However, many in-office and at-home treatments employ peroxide-based agents, carbamide peroxide, to whiten teeth. Carbamide Peroxide whitens the teeth by reducing it into H2O2 and urea. This acts as an acid to remove stains.
You may be wondering, “Isn’t acid what causes cavities?” This can’t be healthy for your teeth. “I might as easily pour soda into my cavities.” Don’t let this deter you from trying whitening products.
The majority of whiteners that you can get from CVS or that we use in our office only contain 10% carbamide peroxide. The American Dental Association recommends whiteners with a maximum of 10% peroxide. You risk destroying your precious enamel if you use more than 10%.
Is It Safe To Put Hydrogen Peroxide on Teeth?
Can use hydrogen peroxide solutions safely if they are applied correctly. Side effects can be severe or mild depending on how much H2O2 you use and how long it is in contact with your teeth. Using less concentrated hydrogen or for a shorter period of time is better.
Hydrogen Peroxide Teeth Whitening Side Effects
The most common side effects of products for whitening teeth which contain hydrogen peroxide are the increased sensitivity of teeth and irritation to the mouth. They are usually light and quick-lasting but more likely to occur when hydrogen peroxide is used at higher levels.
A few of the negative effects associated with the use of peroxide to whiten teeth result from its capability to raise the sensitivity of teeth. You may notice that eating hot or cold food items is more uncomfortable, particularly for those who already suffer from sensitive teeth. The use of whitening products at home increase the chance of developing chronic hypersensitivity to hot temperatures.
Suppose you’re suffering from moderate tooth decay, like an exposed surface of the root of a damaged tooth. In that case, the delicate dentin could be especially susceptible to increased teeth sensitivity.
The oxidation of enamel can cause tooth discoloration due to the partial exposure of the dentin. If you’re using home remedies alone, it is possible to overlook the root cause and believe like your teeth feel sensitive.
Summary of hydrogen peroxide teeth whitening options
The following table summarizes the product options you have for whitening teeth with hydrogen peroxide.
|Hydrogen Peroxide Whitening Treatment||Pros||Cons|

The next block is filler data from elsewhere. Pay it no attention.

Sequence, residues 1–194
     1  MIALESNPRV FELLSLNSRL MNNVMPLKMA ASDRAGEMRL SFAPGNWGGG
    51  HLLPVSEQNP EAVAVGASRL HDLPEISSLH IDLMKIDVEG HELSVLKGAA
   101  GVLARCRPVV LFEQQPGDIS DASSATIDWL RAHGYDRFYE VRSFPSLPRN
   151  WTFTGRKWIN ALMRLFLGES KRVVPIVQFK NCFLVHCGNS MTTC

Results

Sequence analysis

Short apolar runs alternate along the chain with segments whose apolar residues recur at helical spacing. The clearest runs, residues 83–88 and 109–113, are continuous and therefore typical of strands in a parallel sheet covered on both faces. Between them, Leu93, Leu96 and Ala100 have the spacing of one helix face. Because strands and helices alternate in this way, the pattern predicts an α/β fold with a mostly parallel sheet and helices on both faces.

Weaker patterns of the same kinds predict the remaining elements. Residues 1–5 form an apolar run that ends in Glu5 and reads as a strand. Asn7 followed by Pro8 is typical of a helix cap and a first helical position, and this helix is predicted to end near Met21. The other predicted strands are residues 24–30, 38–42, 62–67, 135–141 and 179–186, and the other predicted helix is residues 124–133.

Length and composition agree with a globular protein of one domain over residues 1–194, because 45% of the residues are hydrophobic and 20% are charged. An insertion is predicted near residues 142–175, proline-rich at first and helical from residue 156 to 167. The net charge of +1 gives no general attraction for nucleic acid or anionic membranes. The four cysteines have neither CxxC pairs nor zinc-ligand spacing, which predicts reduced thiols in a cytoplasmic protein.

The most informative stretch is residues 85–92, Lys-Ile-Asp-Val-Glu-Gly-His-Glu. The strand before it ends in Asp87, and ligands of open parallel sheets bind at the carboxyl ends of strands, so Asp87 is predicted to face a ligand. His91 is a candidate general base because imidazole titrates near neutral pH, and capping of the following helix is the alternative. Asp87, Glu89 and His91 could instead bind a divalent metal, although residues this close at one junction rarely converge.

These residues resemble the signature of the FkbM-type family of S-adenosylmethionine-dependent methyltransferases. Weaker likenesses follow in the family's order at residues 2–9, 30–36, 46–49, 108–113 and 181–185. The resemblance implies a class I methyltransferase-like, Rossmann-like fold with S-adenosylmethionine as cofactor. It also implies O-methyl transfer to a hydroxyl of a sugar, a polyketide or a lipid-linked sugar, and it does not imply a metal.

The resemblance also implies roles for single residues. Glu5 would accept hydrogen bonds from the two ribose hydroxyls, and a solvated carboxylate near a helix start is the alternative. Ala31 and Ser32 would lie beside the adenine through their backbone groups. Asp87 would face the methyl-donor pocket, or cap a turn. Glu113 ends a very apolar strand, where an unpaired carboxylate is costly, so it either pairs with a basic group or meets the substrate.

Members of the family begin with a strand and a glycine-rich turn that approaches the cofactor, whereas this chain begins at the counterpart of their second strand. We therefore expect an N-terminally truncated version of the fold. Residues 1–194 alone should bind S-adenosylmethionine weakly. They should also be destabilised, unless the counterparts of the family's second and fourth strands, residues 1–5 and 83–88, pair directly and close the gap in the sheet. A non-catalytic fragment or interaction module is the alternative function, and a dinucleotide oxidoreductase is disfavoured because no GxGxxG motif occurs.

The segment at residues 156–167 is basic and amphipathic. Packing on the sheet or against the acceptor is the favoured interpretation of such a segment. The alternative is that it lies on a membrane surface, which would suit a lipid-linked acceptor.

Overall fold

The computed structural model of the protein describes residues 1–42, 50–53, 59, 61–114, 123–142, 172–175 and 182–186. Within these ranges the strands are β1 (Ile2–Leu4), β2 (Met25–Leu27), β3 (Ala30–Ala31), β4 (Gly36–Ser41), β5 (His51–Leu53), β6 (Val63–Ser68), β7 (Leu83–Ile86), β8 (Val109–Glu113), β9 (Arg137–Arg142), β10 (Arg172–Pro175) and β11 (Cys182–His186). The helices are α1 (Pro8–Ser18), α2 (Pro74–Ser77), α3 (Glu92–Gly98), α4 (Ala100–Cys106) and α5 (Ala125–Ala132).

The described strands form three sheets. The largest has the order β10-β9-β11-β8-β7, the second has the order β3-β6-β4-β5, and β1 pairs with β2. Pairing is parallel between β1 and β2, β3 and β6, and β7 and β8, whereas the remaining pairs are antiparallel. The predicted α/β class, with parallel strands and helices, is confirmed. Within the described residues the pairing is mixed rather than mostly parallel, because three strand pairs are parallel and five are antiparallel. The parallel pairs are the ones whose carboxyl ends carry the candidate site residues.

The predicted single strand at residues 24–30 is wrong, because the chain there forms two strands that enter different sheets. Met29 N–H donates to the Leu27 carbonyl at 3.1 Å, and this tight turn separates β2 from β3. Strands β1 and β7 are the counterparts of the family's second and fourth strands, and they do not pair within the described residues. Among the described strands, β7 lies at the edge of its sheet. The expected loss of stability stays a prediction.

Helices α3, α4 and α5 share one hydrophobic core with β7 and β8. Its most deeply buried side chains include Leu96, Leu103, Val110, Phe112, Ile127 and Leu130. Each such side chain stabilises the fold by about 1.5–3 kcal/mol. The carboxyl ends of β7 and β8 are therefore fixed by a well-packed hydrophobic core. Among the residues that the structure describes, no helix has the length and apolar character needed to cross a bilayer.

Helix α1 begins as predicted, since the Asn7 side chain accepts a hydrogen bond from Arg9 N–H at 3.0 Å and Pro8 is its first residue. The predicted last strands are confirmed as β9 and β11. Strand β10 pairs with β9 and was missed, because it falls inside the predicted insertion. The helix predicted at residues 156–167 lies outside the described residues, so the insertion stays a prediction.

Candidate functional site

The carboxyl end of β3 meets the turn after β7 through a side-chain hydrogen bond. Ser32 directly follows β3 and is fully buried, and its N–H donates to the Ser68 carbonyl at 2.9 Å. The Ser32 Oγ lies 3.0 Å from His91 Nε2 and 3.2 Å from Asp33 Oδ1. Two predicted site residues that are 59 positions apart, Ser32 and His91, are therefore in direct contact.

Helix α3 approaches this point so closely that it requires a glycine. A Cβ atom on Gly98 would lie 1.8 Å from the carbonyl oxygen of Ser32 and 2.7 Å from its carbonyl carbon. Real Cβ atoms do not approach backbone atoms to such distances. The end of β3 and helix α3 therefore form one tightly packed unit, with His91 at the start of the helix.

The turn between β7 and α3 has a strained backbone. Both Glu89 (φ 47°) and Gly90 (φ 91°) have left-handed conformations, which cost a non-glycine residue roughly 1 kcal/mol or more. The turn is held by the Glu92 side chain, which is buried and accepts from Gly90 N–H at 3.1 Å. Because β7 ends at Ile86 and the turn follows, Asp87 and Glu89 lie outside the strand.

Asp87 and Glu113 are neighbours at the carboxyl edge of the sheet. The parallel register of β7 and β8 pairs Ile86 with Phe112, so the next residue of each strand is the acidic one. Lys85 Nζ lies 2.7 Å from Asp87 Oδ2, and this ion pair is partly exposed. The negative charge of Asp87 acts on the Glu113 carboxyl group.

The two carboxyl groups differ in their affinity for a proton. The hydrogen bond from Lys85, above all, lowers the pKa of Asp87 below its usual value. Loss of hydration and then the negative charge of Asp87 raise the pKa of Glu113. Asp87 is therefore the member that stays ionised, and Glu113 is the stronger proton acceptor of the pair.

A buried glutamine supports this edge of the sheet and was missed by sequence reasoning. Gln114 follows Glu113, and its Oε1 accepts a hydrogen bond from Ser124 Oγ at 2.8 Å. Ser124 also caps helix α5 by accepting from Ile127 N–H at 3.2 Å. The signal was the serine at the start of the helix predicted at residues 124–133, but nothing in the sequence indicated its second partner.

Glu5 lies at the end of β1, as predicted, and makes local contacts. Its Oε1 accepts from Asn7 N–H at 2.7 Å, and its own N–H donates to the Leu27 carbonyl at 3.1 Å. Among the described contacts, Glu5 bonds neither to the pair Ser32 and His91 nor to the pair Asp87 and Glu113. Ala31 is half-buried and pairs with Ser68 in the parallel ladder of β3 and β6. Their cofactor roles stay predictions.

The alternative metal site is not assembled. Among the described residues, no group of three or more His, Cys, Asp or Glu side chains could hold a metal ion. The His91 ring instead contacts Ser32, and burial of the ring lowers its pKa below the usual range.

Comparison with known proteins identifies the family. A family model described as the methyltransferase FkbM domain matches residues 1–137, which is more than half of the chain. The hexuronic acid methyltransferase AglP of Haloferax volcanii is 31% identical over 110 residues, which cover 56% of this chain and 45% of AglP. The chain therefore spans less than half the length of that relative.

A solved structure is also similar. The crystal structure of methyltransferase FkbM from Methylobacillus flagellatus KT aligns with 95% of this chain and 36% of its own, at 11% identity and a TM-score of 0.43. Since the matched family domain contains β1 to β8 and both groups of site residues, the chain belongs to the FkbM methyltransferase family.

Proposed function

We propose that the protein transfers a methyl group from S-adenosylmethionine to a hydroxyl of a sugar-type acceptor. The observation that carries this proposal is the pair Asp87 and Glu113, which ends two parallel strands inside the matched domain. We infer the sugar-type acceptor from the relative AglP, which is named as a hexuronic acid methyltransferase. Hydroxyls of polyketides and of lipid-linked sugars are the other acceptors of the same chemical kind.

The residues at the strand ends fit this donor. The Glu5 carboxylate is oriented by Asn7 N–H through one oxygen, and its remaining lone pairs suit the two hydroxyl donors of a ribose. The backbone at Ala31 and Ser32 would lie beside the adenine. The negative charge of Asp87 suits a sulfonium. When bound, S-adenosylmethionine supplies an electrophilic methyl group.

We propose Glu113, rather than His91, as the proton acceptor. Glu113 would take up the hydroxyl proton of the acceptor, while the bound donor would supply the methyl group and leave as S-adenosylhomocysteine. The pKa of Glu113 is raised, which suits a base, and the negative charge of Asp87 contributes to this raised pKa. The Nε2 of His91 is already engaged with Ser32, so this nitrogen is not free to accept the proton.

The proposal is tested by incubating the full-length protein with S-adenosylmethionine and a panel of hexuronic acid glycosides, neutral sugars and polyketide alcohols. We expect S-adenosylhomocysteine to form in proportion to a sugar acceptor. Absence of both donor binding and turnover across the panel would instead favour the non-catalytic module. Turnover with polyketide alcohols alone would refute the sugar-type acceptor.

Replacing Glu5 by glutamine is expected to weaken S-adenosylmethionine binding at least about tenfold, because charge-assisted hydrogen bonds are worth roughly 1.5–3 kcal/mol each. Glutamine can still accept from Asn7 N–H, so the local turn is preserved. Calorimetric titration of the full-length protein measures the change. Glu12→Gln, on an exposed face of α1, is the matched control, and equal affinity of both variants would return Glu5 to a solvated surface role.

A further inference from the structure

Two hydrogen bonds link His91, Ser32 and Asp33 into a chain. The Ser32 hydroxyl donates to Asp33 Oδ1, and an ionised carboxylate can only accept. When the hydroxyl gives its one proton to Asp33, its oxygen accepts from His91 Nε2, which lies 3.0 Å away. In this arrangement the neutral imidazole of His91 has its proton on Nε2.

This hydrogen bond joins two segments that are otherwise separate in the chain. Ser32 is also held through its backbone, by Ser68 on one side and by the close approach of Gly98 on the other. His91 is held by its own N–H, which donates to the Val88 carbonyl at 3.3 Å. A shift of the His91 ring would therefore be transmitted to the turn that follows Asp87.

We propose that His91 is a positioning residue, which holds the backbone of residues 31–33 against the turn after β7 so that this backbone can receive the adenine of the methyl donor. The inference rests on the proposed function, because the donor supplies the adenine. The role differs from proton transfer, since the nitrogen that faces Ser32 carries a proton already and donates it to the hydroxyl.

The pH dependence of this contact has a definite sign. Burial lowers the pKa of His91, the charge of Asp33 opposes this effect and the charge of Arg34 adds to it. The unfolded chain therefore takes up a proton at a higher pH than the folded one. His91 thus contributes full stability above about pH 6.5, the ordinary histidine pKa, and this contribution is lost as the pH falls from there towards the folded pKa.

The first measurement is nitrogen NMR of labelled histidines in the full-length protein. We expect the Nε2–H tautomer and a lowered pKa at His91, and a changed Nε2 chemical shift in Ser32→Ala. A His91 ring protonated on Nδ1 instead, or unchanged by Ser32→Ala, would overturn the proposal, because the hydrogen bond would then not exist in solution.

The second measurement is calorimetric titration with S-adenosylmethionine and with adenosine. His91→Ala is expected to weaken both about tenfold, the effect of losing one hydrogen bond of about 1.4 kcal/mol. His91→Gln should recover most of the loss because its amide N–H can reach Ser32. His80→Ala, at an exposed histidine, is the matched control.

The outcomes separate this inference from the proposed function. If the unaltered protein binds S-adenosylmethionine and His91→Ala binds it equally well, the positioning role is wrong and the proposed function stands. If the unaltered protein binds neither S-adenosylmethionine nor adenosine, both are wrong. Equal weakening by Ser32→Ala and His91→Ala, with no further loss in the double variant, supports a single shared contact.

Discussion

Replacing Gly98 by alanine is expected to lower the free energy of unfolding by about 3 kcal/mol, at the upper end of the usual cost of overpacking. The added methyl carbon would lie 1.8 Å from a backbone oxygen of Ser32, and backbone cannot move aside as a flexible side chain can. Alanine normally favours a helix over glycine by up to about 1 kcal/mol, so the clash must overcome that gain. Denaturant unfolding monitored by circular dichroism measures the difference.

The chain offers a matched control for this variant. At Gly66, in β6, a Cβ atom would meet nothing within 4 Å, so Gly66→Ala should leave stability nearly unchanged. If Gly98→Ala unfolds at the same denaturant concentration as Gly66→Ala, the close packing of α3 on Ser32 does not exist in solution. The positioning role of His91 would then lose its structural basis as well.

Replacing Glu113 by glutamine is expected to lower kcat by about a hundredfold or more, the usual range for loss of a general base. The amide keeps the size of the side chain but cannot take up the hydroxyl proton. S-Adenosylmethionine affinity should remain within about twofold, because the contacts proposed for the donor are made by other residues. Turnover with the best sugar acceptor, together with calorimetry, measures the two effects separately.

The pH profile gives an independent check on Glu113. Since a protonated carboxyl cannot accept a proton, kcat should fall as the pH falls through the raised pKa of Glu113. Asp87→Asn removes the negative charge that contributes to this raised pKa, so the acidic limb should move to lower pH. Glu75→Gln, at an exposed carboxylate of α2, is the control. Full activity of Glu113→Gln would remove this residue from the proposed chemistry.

|Hydrogen peroxide home whitening||Convenient and affordable||Weak results; can cause damage to teeth and gums|
|Whitening strips||Convenient and affordable||Weak results; patchy coverage at times and can cause sensitivity|
|In-clinic whitening||Excellent results; safe, effective, and professional||Very expensive|
|Whitening pens||Convenient and affordable; easy to use||Weak results|
|Whitening mouthwash||Convenient and affordable||Weak to no results; to be used alongside other products|
|Whitening kits||Convenient and affordable; may use LED technology||Results not as strong as professional solutions, depending on ingredients|
What are the Similarities between carbamide peroxide and hydrogen peroxide?
We now know that carbamide peroxide contains hydrogen peroxide. There are many similarities between them. There are some differences. However, that may be of value in your search for more information.
- Are oxidizing agents: Hydrogen peroxide and carbamide peroxide react with oxygen. They oxidize to break down stains and make teeth whiter and brighter.
- Whiten teeth. Can often use these chemicals to whiten teeth. The results can vary depending on how concentrated they are.
- Sensitivity: Whitening procedures can cause sensitivity. However, there is usually no difference in how sensitive you will feel, regardless of whether you are using hydrogen peroxide or carbamide peroxide.
- Do not cause rebound. Rebound occurs when teeth look whiter after a whitening treatment, usually caused by dehydration. Rebound is not caused by hydrogen peroxide or carbamide peroxide.
Hydrogen peroxide vs carbamide peroxide: what’s the difference?
There are many similarities between hydrogen peroxide and carbamide peroxide. But what about the differences? Let’s take a look at the differences between them.
- Chemical composition Hydrogen peroxide is composed of hydrogen and oxygen. Carbamide peroxide is composed of hydrogen peroxide and urea (carbamide). Carbamide peroxide contains hydrogen peroxide.
- Speed Hydrogen peroxide has a much faster breakdown rate than carbamide, and most of its whitening properties are released within 30 to 60 minutes. Carbamide Peroxide gives off half its whitening power within two hours. Then, it continues to be active for as long as 6 hours. This means that products containing hydrogen peroxide are worn for shorter periods during treatment. However, it does not affect the treatment duration.
- Shelf life: Carbamide peroxide has an extended shelf life than hydrogen. However, hydrogen peroxide’s shelf life can be extended using refrigeration.